Henry Parada’s experience includes working in the Caribbean and Central America on issues of child protection, human rights, and youth participation. He teaches both undergraduate and graduate courses at Ryerson University, and is also a regular guest lecturer at universities in the Dominican Republic.
His research interests include: analysis of institutional practices, social work epistemology and institutional ethnography methodology. He has published in the area of child protection and governance of workers and clients, institutional ethnography, the construction of subject locations, and community social work and education in Latin American.
His projects have received funds from Social Sciences and Humanities Research Council (SSHRC), Global Affairs Canada (formerly the Canadian International Development Agency), Latin American and Caribbean Exchange Grant (LACREG), UNICEF-Santo Domingo, Italy International Cooperation, Ryerson International Initiative Funds and Network of European Foundations.
Henry Parada’s program of research – focused on child protection, family violence, and children’s rights – has been directly shaped by his theoretical training in sociology, his on-the-ground social work experiences, and his personal ties to the Caribbean region and Latin American culture. In particular, his combined research expertise includes the areas of social development, children’s and women’s social welfare and violence prevention.
Informed by his career as a social worker in Toronto during the 1990s when the Ontario government implemented significant child welfare reforms, his doctoral thesis was an institutional ethnography of the Ontario child welfare system. Useful for understanding the ways that people function within and across institutions, his utilization of institutional ethnography yielded valuable insights about how these policy reforms limited both the professional autonomy of social workers and their ability to respond to their client needs.
The substance of his research program since the completion of his doctorate has focused on using similar methodologies for understanding the limitations of the child and family protection systems in the Dominican Republic and working collaboratively with various levels of government, and community based and international non-profit organizations to increase the country’s capacity (through policy, social work practice and personal empowerment) to protect the rights of women and children. Specifically, his main area of concern is developing the capacity of Dominican civil society to deal with the problem of trafficking children for the purposes of sexual and labour exploitation.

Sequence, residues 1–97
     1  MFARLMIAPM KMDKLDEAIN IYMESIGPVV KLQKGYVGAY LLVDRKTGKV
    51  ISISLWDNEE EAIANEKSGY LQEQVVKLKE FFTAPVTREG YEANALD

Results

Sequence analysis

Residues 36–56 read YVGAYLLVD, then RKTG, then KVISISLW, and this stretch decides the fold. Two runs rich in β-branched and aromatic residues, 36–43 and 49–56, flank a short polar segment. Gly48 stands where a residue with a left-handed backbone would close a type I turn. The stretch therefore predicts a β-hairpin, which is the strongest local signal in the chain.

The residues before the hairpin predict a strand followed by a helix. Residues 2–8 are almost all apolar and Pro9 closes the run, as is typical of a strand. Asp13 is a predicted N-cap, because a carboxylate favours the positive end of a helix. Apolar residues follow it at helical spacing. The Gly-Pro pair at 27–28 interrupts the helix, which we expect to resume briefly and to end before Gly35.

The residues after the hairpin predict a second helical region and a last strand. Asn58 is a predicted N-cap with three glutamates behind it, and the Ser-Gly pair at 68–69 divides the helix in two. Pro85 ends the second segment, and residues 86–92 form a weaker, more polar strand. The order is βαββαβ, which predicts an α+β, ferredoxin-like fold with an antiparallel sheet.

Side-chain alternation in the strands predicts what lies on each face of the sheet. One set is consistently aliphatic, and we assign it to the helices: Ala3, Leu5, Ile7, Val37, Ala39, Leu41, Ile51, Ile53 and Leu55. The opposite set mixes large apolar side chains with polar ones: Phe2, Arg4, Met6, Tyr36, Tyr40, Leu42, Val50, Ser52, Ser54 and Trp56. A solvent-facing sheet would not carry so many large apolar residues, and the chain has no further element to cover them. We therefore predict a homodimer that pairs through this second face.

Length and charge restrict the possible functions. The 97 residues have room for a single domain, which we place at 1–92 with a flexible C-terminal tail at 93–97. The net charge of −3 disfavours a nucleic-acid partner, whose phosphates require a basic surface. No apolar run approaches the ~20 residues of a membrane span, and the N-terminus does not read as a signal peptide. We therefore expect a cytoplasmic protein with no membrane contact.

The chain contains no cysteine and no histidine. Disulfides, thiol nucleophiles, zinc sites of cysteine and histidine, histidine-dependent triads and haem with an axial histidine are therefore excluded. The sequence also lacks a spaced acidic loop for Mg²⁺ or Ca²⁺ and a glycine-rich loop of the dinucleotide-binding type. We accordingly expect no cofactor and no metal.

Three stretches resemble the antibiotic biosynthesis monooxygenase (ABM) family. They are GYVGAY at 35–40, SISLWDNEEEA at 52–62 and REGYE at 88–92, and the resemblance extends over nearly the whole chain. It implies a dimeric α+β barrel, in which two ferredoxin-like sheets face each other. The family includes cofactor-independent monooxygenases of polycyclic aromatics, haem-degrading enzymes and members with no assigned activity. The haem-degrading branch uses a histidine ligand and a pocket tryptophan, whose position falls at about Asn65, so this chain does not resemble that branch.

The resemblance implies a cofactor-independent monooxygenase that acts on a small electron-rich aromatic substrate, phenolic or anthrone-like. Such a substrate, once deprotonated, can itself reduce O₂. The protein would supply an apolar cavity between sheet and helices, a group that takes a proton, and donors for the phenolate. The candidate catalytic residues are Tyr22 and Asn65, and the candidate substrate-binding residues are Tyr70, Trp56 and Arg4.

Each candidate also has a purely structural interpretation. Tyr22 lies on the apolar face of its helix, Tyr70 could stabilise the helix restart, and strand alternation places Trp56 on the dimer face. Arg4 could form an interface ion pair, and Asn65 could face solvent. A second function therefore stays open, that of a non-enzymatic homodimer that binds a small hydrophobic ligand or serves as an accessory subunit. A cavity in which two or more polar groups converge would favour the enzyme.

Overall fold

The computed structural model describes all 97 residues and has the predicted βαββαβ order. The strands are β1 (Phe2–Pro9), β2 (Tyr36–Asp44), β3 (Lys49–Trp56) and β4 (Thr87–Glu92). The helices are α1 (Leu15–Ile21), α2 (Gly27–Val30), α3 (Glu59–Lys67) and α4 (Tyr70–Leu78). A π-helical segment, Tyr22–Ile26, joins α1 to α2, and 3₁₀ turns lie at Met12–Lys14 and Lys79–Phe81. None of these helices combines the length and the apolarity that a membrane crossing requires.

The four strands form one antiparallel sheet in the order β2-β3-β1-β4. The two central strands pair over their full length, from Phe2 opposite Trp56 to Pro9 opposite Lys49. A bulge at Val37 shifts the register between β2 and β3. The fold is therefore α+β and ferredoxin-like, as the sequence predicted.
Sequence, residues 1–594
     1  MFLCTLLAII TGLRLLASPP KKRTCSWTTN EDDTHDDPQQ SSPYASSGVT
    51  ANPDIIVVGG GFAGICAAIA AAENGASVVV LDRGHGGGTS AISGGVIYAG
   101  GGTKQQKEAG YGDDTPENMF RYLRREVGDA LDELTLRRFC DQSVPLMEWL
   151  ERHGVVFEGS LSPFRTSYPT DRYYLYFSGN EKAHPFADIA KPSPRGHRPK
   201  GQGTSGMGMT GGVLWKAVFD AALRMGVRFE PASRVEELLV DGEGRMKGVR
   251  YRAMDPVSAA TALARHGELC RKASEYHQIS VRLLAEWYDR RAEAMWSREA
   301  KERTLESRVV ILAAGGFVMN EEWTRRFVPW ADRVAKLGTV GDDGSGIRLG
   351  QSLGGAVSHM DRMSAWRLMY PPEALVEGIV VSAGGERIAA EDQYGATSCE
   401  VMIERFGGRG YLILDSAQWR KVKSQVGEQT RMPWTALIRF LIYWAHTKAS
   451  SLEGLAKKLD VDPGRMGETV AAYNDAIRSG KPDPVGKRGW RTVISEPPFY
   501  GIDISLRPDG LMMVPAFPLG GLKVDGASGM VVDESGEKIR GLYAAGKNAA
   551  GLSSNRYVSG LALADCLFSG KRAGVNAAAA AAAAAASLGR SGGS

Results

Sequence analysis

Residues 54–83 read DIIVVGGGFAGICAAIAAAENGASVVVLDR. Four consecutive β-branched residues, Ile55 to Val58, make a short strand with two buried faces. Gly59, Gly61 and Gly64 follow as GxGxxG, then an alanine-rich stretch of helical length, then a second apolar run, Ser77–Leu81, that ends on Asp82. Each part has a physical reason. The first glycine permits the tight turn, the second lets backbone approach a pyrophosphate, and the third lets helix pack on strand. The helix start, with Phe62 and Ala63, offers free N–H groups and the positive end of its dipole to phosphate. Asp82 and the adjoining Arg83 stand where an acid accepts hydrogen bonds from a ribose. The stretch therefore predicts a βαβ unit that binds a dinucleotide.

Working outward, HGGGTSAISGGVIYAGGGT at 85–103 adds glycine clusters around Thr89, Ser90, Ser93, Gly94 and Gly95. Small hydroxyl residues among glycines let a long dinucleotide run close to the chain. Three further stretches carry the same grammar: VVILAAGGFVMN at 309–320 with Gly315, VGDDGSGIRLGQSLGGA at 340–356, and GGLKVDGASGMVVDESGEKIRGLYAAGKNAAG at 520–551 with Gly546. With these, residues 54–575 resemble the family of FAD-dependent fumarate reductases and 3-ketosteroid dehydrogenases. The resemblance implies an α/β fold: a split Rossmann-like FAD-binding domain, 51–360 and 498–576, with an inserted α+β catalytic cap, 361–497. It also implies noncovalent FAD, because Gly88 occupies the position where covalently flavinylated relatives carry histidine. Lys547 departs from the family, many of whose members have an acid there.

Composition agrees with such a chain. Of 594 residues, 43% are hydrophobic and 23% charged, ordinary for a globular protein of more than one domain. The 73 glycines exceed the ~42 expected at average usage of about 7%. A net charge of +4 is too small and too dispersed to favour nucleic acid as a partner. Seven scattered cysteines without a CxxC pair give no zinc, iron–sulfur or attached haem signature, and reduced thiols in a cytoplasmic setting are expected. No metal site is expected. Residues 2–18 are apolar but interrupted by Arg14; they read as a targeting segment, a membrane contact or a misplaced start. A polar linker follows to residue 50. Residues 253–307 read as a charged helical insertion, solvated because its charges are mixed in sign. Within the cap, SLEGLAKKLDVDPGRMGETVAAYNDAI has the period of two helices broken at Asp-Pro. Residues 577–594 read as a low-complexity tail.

He is currently involved in a large scale SSHRC funded Partnership Grant aimed at increasing knowledge of factors which support or hinder the protection of children and youth rights in the Caribbean, Central America, as well as the diaspora populations in Canada, which are disproportionately represented in the Canadian child protection system.
Analysis of institutional practices
Social work epistemology
Teaching responsibilities (Canada):
Teaching responsibilities (International):
Barrett-Herman, A., Littlechild, B., Parada, H., Leung, P., Wairire, G. (2014). Social Work Education: Process, Findings and Implications of the IASSW 2010 Census Project. International Social Work.
Wehbi, S., Parada.H., George, P., Lessa, I. (2014). Going home(?): Social Work Across and About Borders. International Social Work.
Carranza, M., Lopez, L., Parada, H., Jiménez, I. (2013). Granada, a City Under Siege: Dynamics of the Commercial Sexual Exploitation of Children as a Human Rights Issue In Nicaragua. Journal of Global citizenship and Equity Education Vol. 3 No 1.
Parada, H., Saracostti, M., Reininger, T. (2012) Guest Editors, Social Work in Latin America. International Social Work. 53(3).